Two cent coil (Type I) perforated horizontally (CV $225,000) represented by Brinkerhoff Type II perforations $12.50 for a used single; $37.50 for an unused pair
Two cent coil (Type II) perforated vertically (CV $7,000) represented by Schermack Type III perforations $2.75 for a used single; $22.50 for an unused pair

Five cent coil perforated horizontally (CV $6,000) represented by U.S. Automatic Vending Company Type I $750 for an unused pair ($2000 for used single)

Obviously the five cent value is the challenge, and no wonder since it wasn't issued imperforate until 1908, the same year the Third Bureau was introduced.

Scott #314A is a special case (CV $45,000). The 4 cent Second Bureau stamp was never issued imperforate, or as a coil, to the public. As such, it is an oddity and easily excluded.

Everything Else

If we get rid of the inconsequential type and color differences before 1869, ignore the Reprints that really should be in the back of the catalog with Proofs, don't include differences in paper only, exclude meaningless perforation varieties and rare grills, and reluctantly drop Second Bureau coils, what's left?

Breakdown of reminder

Imperf Error

The $12,000 Imperf 5c red error is Scott #485. The 5c red error is shown as Scott #505 (perf 11). The perf 10 version (#467) is just an inconsequential perforation variety. It make sense not to include #485 since that is just the imperforate version of the error we document with #505. I take the position that the format difference (perforated v. imperf) is documented in the non-error 3rd Bureau stamps, so the error is adequately documented in #505 alone.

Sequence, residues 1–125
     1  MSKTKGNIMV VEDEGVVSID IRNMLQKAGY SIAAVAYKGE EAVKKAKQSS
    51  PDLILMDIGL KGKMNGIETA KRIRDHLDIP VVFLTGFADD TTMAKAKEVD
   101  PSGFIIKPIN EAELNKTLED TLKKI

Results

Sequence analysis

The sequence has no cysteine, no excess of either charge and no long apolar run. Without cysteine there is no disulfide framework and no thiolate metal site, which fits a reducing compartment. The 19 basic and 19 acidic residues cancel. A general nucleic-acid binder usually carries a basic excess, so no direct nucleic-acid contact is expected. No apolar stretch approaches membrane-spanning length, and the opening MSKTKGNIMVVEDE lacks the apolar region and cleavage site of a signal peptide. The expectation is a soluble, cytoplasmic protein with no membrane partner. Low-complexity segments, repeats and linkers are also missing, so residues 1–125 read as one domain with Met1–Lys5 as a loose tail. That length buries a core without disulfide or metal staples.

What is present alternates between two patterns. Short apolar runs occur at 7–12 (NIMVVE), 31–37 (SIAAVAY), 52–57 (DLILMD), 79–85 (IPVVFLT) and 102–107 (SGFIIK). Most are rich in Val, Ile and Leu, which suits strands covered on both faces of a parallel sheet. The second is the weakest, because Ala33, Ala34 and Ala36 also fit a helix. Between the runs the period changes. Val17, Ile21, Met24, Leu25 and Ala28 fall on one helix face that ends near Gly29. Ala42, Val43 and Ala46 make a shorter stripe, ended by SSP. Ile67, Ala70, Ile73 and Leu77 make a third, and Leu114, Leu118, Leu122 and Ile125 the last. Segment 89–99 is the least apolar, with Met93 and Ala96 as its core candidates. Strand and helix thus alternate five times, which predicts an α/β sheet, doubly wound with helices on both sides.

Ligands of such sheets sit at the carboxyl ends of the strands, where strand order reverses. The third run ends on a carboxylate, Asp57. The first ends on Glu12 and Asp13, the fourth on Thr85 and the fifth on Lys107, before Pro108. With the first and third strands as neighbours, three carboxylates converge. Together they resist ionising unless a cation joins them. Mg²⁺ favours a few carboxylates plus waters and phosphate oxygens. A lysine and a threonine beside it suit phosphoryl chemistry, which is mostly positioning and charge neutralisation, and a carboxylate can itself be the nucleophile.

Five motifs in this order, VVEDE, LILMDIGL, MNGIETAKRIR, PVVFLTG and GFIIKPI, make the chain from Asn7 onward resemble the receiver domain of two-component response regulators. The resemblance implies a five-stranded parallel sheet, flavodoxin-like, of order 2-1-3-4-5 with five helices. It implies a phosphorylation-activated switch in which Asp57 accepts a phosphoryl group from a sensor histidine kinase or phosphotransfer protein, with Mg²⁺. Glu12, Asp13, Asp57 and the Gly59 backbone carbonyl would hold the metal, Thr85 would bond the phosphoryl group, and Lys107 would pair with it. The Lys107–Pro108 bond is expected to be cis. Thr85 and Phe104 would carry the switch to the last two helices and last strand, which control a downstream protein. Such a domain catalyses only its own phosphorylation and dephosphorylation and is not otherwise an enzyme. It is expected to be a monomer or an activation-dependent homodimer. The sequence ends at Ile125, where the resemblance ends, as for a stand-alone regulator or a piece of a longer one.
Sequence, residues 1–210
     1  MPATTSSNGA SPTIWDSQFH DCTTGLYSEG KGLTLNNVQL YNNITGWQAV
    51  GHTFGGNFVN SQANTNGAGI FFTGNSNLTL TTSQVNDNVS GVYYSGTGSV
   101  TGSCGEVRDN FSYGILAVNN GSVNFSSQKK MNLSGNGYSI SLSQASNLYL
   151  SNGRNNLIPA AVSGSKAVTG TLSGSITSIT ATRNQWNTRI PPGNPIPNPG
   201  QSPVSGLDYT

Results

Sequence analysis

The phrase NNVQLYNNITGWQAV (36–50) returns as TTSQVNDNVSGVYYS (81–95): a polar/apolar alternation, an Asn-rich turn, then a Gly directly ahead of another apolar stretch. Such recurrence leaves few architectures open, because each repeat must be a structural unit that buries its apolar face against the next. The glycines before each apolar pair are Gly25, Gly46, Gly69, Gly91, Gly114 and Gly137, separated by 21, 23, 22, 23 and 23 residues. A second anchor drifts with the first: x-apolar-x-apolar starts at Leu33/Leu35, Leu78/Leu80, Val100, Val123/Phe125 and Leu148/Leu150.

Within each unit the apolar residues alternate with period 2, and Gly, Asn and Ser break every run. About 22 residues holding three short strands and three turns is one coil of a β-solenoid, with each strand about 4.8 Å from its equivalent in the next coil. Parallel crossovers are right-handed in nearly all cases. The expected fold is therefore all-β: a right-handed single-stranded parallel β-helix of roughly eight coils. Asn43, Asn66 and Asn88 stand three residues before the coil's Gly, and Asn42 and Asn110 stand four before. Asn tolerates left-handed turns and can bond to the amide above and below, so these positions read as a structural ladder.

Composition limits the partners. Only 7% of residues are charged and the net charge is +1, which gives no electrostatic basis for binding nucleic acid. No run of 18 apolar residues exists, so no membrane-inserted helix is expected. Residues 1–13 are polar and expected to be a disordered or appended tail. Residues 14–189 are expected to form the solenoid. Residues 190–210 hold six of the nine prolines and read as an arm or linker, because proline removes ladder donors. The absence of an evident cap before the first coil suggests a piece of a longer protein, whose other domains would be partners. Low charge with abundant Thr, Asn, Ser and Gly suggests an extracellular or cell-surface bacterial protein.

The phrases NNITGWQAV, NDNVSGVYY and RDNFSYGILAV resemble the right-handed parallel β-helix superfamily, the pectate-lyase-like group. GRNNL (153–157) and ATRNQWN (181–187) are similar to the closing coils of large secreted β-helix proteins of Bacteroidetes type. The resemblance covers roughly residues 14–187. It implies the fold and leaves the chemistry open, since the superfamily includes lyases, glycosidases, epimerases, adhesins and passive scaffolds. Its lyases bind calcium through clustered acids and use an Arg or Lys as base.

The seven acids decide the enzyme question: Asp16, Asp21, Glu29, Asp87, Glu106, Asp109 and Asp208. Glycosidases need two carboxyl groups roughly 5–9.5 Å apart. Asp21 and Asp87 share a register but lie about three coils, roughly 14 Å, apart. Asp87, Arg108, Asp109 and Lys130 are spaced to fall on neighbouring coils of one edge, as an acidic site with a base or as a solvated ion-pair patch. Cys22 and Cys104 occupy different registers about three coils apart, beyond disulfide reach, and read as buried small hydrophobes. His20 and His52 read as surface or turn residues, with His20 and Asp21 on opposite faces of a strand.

Common Grills

Adding the F grills to the pre-Pictorial NBN issues and the H/I grills to the NBN post-Pictorial issues doubles the expense over face different, and these grills are notoriously difficult to detect and commonly faked, so I decided to exclude the grills, but that is always an option.

Watermarks

The watermark differences would add $6506 to the cost. That is within reason, but I despise watermark detection, so I won't be doing that. Feel free to add the watermark varieties if you wish (mostly early Bureau issues). To me, watermark is just another paper variety.

What's Left

If we remove the 485 imperf error (since we already have this error perforated with 505), and whether or not we decide to add common grills and watermarks, what is left is a very robust, reasonably comprehensive, and informative collection. This collection includes: